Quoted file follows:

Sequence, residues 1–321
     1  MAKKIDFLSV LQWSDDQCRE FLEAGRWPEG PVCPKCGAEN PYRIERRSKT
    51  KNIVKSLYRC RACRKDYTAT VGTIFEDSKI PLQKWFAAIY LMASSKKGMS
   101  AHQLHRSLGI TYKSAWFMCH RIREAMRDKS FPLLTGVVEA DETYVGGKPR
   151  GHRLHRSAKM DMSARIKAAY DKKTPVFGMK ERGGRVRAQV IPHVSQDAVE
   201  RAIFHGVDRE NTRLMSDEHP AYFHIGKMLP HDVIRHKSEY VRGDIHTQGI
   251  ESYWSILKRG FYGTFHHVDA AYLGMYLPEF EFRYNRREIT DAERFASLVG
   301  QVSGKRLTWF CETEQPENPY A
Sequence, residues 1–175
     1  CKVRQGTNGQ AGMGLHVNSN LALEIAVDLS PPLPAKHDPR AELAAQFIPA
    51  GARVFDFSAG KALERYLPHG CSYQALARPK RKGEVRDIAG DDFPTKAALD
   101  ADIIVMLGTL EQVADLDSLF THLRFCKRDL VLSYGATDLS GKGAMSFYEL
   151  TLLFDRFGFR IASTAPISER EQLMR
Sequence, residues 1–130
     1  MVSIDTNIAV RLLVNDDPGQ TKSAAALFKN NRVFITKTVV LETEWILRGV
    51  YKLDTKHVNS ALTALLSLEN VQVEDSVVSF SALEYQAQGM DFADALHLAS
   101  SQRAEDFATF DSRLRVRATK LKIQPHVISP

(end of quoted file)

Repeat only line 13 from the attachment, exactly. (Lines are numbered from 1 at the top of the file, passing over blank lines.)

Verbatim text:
   151  TLLFDRFGFR IASTAPISER EQLMR